What Makes Us Covet Certain Records vs Others?
Whilst I’ve been away, a friend sent me this link: A Recital by Tal Farlow, Norgran 1030. This was an original pressing listed in M- condition for both the record and the cover. It looked pristine, probably with the original inner sleeve. The final price was $121.49. Is that high, low or just right? It seems original Norgrans in this condition are quite hard to find, but the demand is nothing close to the original Blue Notes or Prestiges. For my money, Farlow was the best of the bop-oriented guitarists, but his records rarely sell for high collectible prices, particularly in today’s market as we are seeing prices of some records rising to staggering levels. Is it a question of label, race, style of music, era, artist, instrument or some combination of all of the above? It would be easy to suggest it is race, but then someone sent me this link as well: Art Pepper, Modern Art, Intro 606. This was also an original pressing and it was also in M- condition for the record and the cover. This one sold for $3,506. Pepper was iconic because of all the other stuff in his life, so well told and chronicled in his book Straight Life so maybe I’m just stretching a comparison, but it’s interesting to ponder what makes collectors interested in one set of records or artists, versus others of the same era. Hopefully we can generate some interesting discussion.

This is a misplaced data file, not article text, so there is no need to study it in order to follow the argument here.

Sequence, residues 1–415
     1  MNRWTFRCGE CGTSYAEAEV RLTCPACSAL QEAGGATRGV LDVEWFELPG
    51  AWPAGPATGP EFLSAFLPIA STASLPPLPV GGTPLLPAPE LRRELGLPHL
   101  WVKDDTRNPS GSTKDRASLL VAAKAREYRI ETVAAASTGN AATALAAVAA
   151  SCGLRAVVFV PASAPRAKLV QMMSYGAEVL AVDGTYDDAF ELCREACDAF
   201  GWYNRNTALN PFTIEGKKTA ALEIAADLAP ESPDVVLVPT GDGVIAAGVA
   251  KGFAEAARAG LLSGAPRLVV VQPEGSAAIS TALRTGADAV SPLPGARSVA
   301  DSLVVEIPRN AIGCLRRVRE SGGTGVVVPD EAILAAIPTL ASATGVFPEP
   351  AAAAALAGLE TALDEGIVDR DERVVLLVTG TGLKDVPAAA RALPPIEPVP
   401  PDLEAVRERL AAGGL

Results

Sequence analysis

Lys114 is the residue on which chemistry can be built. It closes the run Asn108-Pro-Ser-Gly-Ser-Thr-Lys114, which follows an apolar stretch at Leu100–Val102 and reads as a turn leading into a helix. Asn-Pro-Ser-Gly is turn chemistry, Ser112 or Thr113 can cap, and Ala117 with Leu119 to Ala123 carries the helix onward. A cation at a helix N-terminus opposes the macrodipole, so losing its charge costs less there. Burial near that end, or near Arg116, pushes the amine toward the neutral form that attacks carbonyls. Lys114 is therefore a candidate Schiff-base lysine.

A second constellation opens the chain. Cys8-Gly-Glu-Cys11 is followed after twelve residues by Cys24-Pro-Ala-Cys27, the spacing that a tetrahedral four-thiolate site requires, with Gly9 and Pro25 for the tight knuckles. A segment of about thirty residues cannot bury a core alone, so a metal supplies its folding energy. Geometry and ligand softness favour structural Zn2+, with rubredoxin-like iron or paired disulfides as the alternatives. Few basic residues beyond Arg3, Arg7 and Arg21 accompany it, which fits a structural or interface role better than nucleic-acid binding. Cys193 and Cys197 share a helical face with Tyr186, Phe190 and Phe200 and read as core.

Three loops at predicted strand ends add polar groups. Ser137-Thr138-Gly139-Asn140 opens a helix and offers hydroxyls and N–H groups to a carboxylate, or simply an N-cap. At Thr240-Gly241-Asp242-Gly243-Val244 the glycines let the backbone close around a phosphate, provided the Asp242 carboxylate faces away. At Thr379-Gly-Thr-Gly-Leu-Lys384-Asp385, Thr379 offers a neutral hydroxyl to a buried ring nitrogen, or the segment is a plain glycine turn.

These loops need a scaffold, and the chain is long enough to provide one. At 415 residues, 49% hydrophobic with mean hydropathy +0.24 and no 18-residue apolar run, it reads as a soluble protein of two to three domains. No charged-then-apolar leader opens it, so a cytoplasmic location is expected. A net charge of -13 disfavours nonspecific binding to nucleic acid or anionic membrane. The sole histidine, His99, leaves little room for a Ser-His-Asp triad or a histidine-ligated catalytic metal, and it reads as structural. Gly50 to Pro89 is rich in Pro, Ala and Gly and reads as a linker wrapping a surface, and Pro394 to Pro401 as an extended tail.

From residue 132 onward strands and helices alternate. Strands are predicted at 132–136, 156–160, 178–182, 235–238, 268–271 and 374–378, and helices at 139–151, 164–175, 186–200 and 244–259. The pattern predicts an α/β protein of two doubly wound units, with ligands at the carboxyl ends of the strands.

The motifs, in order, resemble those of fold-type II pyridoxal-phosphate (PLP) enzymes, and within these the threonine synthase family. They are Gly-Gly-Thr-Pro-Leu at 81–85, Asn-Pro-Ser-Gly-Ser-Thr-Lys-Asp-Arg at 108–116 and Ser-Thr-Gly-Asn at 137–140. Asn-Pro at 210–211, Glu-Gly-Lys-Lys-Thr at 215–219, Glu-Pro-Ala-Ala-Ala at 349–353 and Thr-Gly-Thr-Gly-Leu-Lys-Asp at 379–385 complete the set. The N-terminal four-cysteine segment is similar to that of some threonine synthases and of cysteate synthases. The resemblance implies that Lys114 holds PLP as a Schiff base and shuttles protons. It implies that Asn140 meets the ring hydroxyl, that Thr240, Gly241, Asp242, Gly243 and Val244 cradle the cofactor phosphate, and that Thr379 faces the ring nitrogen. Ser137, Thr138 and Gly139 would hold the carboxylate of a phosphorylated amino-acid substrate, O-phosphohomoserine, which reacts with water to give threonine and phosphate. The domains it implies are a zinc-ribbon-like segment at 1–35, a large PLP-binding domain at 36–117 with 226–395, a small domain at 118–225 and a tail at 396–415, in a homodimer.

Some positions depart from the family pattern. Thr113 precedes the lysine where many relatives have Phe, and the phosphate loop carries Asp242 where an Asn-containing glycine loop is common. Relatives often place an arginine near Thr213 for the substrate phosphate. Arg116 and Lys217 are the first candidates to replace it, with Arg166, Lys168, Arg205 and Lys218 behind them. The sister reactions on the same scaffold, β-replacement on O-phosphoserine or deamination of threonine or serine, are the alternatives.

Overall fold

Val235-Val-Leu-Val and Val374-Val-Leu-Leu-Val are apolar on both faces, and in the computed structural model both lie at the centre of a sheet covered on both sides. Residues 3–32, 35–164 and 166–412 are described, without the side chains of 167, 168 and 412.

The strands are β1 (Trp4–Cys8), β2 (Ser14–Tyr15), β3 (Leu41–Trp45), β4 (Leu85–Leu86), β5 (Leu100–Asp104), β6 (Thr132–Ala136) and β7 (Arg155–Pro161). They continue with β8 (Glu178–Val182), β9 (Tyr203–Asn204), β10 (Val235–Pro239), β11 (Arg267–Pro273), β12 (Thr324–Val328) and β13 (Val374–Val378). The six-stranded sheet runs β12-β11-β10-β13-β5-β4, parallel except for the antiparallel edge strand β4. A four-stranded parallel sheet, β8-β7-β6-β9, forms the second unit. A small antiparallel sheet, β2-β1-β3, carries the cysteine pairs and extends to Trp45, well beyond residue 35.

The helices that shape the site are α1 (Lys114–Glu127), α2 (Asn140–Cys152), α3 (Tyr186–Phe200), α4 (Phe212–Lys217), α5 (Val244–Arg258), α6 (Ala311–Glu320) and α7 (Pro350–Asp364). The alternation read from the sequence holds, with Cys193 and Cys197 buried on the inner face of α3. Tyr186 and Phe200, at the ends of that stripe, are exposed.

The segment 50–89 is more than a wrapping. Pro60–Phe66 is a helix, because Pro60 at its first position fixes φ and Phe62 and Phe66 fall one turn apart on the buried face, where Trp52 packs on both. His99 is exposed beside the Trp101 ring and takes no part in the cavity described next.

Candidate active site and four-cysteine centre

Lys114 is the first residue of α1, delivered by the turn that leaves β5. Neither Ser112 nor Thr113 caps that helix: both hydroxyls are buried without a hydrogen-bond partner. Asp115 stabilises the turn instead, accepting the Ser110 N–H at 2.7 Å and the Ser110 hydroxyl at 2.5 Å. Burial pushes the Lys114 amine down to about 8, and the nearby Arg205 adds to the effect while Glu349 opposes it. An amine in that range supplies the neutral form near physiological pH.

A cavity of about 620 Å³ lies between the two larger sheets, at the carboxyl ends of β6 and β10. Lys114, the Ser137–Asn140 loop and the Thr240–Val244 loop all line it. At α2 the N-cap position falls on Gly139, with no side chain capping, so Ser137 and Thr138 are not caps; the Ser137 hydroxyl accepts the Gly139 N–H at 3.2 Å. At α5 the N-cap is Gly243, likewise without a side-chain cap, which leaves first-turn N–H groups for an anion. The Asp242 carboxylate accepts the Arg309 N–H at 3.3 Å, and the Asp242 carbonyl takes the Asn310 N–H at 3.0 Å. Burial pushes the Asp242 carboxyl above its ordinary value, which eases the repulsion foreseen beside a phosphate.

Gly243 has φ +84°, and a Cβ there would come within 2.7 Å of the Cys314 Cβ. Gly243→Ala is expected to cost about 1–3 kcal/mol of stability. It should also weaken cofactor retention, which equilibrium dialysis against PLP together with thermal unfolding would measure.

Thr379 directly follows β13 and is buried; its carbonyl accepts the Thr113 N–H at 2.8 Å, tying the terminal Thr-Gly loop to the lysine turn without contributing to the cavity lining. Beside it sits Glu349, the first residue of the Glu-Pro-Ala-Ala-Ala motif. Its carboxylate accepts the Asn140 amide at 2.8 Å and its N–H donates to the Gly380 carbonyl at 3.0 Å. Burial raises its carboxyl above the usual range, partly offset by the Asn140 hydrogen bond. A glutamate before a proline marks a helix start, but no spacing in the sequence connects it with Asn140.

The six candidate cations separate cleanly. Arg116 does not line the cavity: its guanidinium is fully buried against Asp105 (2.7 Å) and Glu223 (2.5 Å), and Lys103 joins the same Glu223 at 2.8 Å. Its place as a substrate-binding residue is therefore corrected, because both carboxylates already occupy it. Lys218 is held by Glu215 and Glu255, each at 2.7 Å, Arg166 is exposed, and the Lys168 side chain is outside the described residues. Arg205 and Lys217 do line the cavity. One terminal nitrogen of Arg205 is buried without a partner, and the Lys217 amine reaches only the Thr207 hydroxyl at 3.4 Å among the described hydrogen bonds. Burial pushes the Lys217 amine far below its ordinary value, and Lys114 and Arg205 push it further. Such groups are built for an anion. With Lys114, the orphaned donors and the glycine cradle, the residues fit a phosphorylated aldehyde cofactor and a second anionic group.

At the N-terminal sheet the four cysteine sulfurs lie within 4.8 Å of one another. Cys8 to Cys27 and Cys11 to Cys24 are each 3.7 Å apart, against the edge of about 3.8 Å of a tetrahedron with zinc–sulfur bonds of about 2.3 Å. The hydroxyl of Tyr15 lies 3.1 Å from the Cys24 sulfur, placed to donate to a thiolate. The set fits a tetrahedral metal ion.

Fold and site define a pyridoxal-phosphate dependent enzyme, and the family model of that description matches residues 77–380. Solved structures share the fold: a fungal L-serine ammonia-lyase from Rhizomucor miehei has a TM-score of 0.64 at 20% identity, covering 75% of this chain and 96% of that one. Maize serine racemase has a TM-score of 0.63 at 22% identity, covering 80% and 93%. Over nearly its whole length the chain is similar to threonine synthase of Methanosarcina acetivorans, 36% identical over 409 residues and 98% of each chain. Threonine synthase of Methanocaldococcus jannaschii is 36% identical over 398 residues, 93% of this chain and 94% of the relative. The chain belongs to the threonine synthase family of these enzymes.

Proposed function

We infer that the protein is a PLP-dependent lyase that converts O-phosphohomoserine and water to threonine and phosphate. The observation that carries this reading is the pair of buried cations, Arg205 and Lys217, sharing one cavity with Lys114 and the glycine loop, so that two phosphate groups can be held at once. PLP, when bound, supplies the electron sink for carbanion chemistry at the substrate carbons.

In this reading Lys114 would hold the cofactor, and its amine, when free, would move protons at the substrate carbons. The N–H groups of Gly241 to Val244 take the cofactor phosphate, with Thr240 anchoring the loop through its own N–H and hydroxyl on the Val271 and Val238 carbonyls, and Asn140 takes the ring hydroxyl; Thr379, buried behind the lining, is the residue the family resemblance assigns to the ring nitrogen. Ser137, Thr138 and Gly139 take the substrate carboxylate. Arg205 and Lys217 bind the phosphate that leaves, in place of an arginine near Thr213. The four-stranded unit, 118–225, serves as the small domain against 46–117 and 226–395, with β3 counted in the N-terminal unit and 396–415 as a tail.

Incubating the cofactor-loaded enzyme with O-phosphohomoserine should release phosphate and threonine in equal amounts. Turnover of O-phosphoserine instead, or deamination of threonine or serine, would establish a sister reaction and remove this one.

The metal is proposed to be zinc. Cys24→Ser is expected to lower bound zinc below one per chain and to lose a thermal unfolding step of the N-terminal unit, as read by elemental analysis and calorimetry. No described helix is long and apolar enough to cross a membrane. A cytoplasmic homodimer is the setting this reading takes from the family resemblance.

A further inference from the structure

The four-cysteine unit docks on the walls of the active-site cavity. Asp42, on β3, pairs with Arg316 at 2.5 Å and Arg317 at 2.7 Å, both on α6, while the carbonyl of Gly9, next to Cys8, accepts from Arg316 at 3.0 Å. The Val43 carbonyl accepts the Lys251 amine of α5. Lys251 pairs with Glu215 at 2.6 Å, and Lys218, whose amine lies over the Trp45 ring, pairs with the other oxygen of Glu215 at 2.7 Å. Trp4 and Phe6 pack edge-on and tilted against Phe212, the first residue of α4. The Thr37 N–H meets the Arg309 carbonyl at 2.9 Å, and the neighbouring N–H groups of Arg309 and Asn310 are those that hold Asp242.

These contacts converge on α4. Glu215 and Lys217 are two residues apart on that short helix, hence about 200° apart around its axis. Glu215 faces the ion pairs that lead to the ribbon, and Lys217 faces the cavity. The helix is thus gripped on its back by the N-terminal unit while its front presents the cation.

Speaking of artists adored by collectors, there was Sonny Clark, Cool Struttin’, Blue Note 1588. This looked to be an original pressing listed in VG++ condition for the record and VG++ for the cover. It sold for $1,585, which is quite a bit less than one would typically expect for this record. I wonder why? The seller has good feedback and there don’t seem to be any hidden “gotchas” in the listing. Not that $1,585 is such a low price, but we’ve seen this record sell consistently for more than $3,000 in this condition in the Jazz Collector Price Guide. By the way, I totally understand why the Sonny Clark Blue Notes are so coveted by collectors. They are great records, all of them, and he was such a brilliant pianist. If you want to find some less expensive Sonny Clark records — along with Tal Farlow — check out some of the collaborations with Buddy DeFranco on Norgran and Verve. You can typically get these for much less than the Blue Notes and the music is superb. For many reasons, the record Cooking the Blues is particularly close to my heart.